But now digital technologies — including the internet, interoperable databases and rapid imaging techniques — make it possible to electronically aggregate museum data. Researchers, including a multi-institutional team I am leading, are laying the foundation for the coherent use of these millions of specimens. Across the globe, teams are working to bring these “dark data” — currently inaccessible via the web — into the digital light….
The sheer size of fossil collections, and the fact that most of their contents were collected before the invention of computers and the internet, make it very difficult to aggregate the data associated with museum specimens. From a digital point of view, most of the world’s fossil collections represent “dark data.” …
The Integrated Digitized Biocollections (iDigBio) site hosts all the major museum digitization efforts in the United States funded by the current NSF initiative that began in 2011….
“Sketchfab is empowering a new era of creativity by making it easy for anyone to publish and find 3D content online. With a community of millions of creators who have published millions of models, we are the largest platform for immersive and interactive 3D. Additionally, our store allows thousands of buyers and sellers to transact in confidence using our realtime 3D viewer and model inspector.
Our technology is integrated with every major 3D creation tool and publishing platform, and is compatible with every browser and most VR headsets. Our player is embeddable anywhere on the web, and lets you view and share 3D and VR content on social media such as Facebook, Twitter or Reddit.”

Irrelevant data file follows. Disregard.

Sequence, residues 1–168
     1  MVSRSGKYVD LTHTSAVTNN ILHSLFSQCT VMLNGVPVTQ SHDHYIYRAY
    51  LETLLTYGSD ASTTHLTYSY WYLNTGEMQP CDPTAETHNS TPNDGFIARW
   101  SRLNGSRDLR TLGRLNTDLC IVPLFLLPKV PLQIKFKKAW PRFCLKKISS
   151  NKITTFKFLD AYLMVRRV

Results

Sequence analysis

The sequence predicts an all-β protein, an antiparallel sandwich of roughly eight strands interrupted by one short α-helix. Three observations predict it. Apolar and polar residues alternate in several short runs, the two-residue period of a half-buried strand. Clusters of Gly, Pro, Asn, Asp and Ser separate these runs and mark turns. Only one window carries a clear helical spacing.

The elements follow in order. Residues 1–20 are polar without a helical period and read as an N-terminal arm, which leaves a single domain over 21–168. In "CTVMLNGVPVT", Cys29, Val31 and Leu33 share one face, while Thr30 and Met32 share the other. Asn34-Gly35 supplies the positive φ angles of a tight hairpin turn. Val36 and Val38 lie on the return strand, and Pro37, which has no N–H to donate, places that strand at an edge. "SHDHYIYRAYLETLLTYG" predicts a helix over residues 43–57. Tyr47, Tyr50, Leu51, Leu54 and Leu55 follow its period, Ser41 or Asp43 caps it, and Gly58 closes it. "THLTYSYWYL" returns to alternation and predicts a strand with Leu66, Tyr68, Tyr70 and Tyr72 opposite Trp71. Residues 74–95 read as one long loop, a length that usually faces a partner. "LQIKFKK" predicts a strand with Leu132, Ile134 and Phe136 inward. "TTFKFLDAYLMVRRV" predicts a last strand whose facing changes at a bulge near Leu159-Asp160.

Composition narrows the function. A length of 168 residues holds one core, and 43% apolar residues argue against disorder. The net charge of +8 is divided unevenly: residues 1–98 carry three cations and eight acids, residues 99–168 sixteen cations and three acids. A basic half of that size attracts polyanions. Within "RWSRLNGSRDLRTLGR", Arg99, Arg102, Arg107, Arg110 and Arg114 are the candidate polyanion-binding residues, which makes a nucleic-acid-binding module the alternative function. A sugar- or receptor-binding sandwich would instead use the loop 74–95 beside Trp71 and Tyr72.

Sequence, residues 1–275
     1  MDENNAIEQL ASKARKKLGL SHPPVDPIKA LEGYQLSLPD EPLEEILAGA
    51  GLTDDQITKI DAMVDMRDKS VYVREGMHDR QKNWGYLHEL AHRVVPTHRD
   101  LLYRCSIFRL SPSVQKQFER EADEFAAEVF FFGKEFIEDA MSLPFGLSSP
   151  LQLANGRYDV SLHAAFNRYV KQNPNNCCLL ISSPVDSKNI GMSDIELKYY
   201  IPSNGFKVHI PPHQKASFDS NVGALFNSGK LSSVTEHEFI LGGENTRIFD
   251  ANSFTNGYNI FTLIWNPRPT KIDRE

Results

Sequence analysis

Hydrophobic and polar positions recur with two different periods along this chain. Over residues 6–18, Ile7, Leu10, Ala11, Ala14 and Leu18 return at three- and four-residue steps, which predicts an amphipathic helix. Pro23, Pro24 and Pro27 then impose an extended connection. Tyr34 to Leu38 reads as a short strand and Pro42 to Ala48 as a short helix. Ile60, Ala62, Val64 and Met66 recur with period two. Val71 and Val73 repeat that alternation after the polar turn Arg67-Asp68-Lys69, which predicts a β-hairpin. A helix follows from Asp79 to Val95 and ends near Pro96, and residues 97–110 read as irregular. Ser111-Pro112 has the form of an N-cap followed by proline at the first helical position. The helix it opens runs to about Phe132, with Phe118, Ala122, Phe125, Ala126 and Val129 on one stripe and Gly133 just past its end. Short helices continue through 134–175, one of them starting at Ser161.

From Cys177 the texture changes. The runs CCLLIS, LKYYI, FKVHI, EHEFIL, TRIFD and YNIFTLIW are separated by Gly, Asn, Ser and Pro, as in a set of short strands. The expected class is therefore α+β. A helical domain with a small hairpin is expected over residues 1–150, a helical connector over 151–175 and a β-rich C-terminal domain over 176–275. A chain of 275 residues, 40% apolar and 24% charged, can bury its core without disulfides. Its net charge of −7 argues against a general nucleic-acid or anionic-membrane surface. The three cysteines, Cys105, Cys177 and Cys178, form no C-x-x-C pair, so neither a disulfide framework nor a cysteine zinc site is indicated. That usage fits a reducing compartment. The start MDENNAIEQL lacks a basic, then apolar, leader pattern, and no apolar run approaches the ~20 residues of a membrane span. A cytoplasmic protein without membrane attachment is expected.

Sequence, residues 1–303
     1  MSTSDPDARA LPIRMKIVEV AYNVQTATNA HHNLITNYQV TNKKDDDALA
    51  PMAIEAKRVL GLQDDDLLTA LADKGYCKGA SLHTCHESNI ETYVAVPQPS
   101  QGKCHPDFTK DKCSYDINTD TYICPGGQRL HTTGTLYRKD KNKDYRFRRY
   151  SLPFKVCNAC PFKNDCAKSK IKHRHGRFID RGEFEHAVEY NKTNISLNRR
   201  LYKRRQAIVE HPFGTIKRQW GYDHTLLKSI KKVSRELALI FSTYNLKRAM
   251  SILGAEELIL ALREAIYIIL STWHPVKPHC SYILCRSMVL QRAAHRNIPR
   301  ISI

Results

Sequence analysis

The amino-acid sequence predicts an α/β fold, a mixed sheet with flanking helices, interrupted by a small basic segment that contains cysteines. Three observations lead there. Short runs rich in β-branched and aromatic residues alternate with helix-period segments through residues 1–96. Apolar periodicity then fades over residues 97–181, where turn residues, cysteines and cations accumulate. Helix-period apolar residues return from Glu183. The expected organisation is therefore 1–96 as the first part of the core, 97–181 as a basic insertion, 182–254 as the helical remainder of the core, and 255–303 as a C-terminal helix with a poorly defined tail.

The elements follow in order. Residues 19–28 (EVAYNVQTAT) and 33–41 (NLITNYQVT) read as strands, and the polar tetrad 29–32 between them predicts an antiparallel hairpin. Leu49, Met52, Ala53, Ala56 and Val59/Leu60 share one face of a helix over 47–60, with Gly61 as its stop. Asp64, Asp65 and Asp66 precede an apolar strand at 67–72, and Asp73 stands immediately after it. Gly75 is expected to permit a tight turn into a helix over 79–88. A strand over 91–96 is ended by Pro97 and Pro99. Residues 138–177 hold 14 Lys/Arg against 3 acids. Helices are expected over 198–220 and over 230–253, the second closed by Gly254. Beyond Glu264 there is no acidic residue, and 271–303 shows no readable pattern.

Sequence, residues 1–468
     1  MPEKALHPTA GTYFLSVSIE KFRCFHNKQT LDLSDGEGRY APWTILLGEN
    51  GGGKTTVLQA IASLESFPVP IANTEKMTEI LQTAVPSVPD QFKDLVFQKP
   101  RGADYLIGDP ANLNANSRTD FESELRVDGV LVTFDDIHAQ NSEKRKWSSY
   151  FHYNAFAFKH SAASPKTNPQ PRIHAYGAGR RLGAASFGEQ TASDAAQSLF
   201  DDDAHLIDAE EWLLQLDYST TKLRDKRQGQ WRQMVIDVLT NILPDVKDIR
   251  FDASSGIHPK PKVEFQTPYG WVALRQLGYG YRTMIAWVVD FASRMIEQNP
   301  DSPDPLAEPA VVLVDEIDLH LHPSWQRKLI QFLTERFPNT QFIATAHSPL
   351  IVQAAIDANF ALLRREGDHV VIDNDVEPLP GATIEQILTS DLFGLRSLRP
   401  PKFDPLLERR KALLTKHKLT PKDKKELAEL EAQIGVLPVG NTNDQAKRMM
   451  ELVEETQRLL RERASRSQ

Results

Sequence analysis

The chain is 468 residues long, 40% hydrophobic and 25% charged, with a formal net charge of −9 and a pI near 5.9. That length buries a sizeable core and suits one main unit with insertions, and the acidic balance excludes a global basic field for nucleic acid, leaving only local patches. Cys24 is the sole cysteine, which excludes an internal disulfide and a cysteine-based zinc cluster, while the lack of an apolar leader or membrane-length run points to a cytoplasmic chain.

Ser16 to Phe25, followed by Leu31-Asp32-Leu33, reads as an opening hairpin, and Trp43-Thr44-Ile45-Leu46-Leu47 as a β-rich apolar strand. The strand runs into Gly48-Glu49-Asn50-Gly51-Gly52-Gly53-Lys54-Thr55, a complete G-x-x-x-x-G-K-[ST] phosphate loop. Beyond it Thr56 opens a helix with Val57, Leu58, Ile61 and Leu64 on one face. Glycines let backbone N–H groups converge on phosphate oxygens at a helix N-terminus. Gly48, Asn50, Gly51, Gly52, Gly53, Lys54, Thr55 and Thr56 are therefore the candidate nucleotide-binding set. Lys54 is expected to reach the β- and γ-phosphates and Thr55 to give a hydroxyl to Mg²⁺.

“Google has joined hands with CyArk, a California-based 3D laser scanning non-profit, to build virtual reality (VR)representations of historical sites around the world that are at risk of destruction due to human conflict or natural disasters, media reports said.
The joint effort – called the Open Heritage project – will use CyArk’s (short for cyber archive) laser-scanning technology to capture and archive the imperiled archaeological wonders from all over the world…”
“When Ben Kacyra watched on TV as the Taliban destroyed 1,500 year-old Buddhist statues in Bamiyan, Afghanistan in 2001, he felt compelled to do something. Mr. Kacyra, who happens to be one of the creators of the world’s first three-dimensional laser scanning system, realized that his technology could be used to record monuments at risk of damage due to natural disasters, war, or tourism, so that they could be preserved for future generations.
He founded CyArk, a non-profit that has created the world’s largest and most detailed 3D digital archive of endangered wonders of the world—a lasting record of monuments at risk of disappearing. Now, Google Arts & Culture has partnered with CyArk to open up access to their virtual wonders and share their stories with everyone. …”
“Conveying a sense of wonder and intimacy for the past has been both the most challenging and yet most rewarding part of my work as an archaeologist. Before recently joining CyArk, I worked as the Co-Field Director of the Catalhoyuk Research Project. The newly concluded 25-year research program led under Ian Hodder at the 9000-year old Neolithic site produced a plethora of information on the everyday lives of the original inhabitants of the site. Details, such as the connection between a geometric wall painting and a child’s burial, or that knowing that each stone, found in a cluster by the chest of a buried woman, were distinctively different in colour, were the things that always sparked wonder in me.”